In addition, the heatsink plate has pockets milled out in these places to provide another layer of safety.

As an example, you can take a look at this teardown, that Mads Barnkob did:
/>At 4:11 you can see how the typical interface between the heatsink and the PCB looks.  :D

Greetings,
Michael

saurabh

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Re: Huawei RRU3928 1800MHz radio base station teardown (part 1 and 2)
« Reply #7 on: April 29, 2021, 03:44:33 PM »
Ahh that's a nice way to provide room for routing. Thanks.

Offline Da_Stier

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Re: Huawei RRU3928 1800MHz radio base station teardown (part 1 and 2)
« Reply #8 on: April 29, 2021, 08:00:18 PM »
I went ahead and searched the Huawei board (or what is left of it, I did a few experiments with it).
You can see the milled pockets and channels quite clearly.
You can also kind of see the green soldermask on the bottom, where the pockets are.
(not sure how much of it is visible on the picture)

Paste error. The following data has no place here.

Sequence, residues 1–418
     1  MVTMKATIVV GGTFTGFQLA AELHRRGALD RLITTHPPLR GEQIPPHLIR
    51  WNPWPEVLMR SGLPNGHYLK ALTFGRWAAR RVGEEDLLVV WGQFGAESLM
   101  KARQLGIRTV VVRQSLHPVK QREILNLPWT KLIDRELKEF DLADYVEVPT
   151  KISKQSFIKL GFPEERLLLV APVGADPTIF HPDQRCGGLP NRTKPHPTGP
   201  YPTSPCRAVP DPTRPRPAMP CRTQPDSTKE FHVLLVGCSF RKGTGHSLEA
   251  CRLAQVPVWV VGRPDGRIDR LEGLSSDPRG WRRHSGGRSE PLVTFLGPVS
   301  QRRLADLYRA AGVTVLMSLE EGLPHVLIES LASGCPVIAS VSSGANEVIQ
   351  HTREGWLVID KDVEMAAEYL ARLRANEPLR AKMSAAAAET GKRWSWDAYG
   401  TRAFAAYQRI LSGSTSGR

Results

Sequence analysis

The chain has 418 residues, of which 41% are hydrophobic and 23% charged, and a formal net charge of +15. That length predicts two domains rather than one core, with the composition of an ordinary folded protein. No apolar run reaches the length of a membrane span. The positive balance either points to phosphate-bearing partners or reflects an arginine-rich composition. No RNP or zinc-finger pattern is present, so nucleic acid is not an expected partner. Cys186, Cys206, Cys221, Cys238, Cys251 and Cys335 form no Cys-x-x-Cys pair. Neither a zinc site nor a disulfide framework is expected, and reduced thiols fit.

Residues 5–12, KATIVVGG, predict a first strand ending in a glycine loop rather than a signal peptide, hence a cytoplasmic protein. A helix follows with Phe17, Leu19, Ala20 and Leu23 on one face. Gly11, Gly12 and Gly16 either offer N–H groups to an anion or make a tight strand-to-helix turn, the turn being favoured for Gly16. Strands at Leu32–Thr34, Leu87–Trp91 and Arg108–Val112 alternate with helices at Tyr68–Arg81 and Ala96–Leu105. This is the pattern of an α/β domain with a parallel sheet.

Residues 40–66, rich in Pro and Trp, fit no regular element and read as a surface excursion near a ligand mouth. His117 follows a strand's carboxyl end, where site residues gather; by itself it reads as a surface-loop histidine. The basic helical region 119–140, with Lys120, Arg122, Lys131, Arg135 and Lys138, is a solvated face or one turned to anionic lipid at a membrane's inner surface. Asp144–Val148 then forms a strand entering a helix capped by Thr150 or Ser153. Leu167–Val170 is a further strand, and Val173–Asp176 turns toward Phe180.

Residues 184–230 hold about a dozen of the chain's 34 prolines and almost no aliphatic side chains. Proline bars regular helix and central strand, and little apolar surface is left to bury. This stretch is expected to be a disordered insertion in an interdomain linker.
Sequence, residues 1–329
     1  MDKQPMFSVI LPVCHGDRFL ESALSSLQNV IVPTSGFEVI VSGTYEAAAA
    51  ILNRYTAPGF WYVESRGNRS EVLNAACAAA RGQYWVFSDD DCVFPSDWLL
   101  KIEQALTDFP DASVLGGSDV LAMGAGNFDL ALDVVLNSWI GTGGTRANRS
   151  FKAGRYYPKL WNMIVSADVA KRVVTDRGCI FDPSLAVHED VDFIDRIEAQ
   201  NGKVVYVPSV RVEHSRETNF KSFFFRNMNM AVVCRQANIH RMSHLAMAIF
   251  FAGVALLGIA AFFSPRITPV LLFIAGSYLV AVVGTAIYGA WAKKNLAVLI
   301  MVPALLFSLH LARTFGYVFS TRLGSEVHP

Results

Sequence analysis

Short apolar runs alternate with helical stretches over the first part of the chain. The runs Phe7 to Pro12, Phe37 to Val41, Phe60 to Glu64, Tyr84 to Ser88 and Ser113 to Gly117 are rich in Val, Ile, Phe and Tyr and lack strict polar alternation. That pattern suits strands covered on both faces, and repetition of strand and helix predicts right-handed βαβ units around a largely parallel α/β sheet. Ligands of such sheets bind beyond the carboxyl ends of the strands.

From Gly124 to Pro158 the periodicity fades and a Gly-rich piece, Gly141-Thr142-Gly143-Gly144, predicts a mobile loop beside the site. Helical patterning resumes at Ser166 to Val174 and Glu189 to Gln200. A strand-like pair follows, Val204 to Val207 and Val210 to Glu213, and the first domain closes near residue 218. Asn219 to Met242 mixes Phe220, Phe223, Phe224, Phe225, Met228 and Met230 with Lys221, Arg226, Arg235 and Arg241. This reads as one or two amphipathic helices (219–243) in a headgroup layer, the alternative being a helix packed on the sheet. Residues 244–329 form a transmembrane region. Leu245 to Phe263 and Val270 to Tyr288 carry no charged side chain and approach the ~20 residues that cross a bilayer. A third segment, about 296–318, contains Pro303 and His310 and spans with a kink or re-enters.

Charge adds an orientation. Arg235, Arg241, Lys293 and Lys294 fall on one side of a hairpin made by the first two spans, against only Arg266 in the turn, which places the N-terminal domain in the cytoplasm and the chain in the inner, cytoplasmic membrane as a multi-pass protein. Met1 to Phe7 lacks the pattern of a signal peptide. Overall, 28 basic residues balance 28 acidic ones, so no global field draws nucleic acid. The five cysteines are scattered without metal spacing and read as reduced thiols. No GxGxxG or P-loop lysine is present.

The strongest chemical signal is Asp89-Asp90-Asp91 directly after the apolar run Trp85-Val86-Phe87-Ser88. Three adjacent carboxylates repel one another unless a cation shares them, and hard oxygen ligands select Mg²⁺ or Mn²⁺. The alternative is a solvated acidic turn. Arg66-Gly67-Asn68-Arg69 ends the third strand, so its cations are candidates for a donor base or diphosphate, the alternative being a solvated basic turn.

Greetings,
Michael

Offline niko99

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Re: Huawei RRU3928 1800MHz radio base station teardown (part 1 and 2)
« Reply #9 on: August 15, 2022, 12:42:36 AM »
I found such boards - for 2.1 - 2.2GHz band and 2.6-2.7GHz band.

How can I split PCB from metal board? I would like to do reverse engineering, and modify the amplifiers.

Offline Da_Stier

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Re: Huawei RRU3928 1800MHz radio base station teardown (part 1 and 2)
« Reply #10 on: August 15, 2022, 12:18:27 PM »
Hi niko99,

you can seperate them by heating the whole thing up.
You can use one of these soldering hotplates for it, it works pretty well.
I have used this model before, to do just that.
https://www.ebay.de/itm/113566952618?hash=item1a711e2caa:g:OSIAAOSwjthcQFSC
I usually set it to around 300 °C and just wait.
Make sure to do this outside, the flux will gas out quite a bit.

HOWEVER:
Why do you want to seperate the board?
There really isn't anything on the bottom to make this necessary.
If you do remove the board, you will damage it, which will make it hard to reuse.
If you want to reuse the amps, just work from the top.
Atleast from my experience, it won't help to take the board off, except if you just want to desolder the parts to reuse them seperately.

Other than that, feel free to post some picutres of your parts or start a new thread, I would enjoy to see someone else working on this sutff. :)




Greetings,
Stier

Offline niko99

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Re: Huawei RRU3928 1800MHz radio base station teardown (part 1 and 2)
« Reply #11 on: August 15, 2022, 06:11:41 PM »
Hi niko99,